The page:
When the Great Heathen Army, also known as the Great Viking Army, crossed the sea in the year 865 A.D., a new chapter was opened in the history of Britain
Suddenly, East Anglia was invaded by a large number of fierce Norse warriors led by Ragnar Lothbrok’s sons, Ivar Ragnarsson (Ivar the Boneless), Halfdan Ragnarsson (Halfdene), and Ubbe Ragnarsson (Hubba), along with the Dane Viking chieftain Guthrum. The Vikings’ goal was to conquer and occupy the four East Anglia, Northumbria, Mercia, and Wessex kingdoms.
A map of the routes taken by the Great Heathen Army from 865 to 878. Credit: Hel-hama – CC BY-SA 3.0
The Viking invasion of the British Isles lasted until 878 A.D. During archaeological excavations in Britain, remains of Norse warriors and their weapons were found.
A Viking camp dating to the winter of 873-4, was unearthed by a team of archaeologists from the University of Bristol. It is located in the small village of Repton, Derbyshire, and has been known since the 1970s. Repton has long been a subject of excavations.
Credit: Adobe Stock – Suleyman
Historical records state that the Viking Great Heathen Army wintered in Repton, Derbyshire, in 873 A.D. It has been suggested that Ivar the Boneless may be buried in Repton.
Archaeologists have found many fascinating Norse artifacts in Britain, some of which may be linked to the Great Heathen Army. One such object is a silver pendant bearing the hammer of the Norse God Thor. The artifact was unearthed in Norfolk and has recently been declared a treasure.
Gareth Williams, a curator at the British Museum, suggests the Thor pendant may be linked to the Great Heathen Army.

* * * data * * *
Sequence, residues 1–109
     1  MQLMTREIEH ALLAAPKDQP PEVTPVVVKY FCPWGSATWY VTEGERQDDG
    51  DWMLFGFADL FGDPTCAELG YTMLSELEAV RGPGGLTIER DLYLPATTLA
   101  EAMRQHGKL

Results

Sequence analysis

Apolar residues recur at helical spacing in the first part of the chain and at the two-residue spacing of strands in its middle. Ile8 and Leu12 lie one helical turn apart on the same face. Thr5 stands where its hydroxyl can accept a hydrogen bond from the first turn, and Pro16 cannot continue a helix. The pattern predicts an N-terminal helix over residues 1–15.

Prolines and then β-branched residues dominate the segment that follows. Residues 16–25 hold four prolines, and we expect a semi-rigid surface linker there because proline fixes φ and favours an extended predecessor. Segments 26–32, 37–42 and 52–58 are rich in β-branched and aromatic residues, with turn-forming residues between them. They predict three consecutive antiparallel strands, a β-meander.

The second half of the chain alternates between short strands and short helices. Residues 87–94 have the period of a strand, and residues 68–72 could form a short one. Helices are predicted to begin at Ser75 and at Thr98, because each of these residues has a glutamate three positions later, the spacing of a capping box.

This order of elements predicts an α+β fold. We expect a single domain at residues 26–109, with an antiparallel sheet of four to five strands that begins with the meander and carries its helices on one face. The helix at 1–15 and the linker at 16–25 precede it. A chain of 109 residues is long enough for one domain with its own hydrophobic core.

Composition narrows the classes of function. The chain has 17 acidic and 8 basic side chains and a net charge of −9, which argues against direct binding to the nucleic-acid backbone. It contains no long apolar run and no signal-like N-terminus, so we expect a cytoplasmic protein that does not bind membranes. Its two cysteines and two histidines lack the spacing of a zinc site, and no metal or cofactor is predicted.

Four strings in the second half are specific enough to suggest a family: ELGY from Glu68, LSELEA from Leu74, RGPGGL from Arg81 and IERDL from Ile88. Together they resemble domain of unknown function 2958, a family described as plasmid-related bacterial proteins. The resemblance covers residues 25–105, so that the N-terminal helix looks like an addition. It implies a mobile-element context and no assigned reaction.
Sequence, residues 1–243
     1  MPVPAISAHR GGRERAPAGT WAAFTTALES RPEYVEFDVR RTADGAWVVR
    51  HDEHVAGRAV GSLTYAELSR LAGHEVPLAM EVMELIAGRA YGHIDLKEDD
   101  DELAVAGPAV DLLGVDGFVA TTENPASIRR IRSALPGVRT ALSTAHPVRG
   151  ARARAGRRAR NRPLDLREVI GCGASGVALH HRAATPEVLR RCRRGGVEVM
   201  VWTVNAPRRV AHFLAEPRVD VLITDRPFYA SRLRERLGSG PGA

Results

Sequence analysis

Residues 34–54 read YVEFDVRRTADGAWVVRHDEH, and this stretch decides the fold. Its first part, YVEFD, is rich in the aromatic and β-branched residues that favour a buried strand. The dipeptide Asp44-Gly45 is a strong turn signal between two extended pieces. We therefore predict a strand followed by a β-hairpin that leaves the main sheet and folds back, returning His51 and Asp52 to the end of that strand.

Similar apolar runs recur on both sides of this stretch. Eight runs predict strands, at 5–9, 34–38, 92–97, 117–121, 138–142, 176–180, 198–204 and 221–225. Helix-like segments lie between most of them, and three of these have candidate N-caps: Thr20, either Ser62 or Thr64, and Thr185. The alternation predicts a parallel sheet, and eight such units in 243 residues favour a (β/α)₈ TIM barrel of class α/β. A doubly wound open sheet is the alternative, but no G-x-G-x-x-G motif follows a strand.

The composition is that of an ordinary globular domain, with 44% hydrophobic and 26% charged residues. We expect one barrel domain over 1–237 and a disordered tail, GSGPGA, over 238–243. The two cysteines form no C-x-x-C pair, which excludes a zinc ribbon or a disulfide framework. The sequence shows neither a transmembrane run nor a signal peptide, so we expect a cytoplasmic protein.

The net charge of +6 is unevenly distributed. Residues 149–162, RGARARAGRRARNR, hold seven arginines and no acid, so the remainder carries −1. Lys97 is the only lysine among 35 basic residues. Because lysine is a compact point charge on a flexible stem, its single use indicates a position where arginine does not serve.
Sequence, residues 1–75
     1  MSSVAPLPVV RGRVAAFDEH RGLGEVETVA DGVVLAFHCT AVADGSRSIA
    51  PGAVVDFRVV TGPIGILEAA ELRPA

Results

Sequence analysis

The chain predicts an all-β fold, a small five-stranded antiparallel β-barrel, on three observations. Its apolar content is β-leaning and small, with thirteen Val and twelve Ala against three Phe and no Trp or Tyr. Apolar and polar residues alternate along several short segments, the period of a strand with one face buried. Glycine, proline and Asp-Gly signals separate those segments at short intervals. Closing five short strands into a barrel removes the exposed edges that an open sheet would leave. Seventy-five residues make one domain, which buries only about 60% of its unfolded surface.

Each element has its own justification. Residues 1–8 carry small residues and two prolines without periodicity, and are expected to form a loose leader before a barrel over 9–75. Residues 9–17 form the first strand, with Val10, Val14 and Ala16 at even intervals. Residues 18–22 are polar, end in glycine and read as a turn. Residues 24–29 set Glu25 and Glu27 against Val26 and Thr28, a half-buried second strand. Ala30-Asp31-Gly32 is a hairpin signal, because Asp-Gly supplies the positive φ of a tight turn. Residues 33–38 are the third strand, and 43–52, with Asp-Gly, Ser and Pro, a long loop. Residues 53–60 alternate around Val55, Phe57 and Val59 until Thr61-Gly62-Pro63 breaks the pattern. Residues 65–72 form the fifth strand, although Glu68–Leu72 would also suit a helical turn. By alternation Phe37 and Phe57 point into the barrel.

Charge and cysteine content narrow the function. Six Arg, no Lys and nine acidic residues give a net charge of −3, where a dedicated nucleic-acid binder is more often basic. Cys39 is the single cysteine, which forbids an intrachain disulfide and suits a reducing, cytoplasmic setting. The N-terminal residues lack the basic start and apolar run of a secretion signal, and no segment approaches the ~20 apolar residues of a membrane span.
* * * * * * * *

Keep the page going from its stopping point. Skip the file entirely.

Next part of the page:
“Most of the recorded discoveries are singular finds without architectural context, with the greatest concentration in Norfolk.
The presence of Thor’s hammers are largely found at sites associated with the movements of the Great Army. There is nothing to suggest this isn’t genuine and of the time,” Williams said.
A Thor pendant found in Norfolk has been declared treasure by coroner Yvonne Blake. Credit: British Museum
Was the Thor pendant perhaps lost by a Norse warrior who fought and maybe died on British soil? We may never know, but the object estimated to have been made in the 9th or 10th century is intriguing.
Thor was after all, the Norse God of thunder and war. He was the strongest of the gods and wielded the hammer, Mjölnir. Vikings gained strength from their gods, and Thor was especially important to warriors.
As previously discussed on Ancient Pages, “The memory of Mjölnir and its owner has survived through many generations. Thor’s hammer was frequently depicted on countless boundary stones and gravestones. It was frequently found at wedding ceremonies and raised over newborn children.
Popular and respected miniature hammers are designed to be worn as pendants. Small silver amulets in the form of Mjölnir symbolize the greatness of Thor and his fight for the land.
Archaeological excavations revealed many of these artifacts.”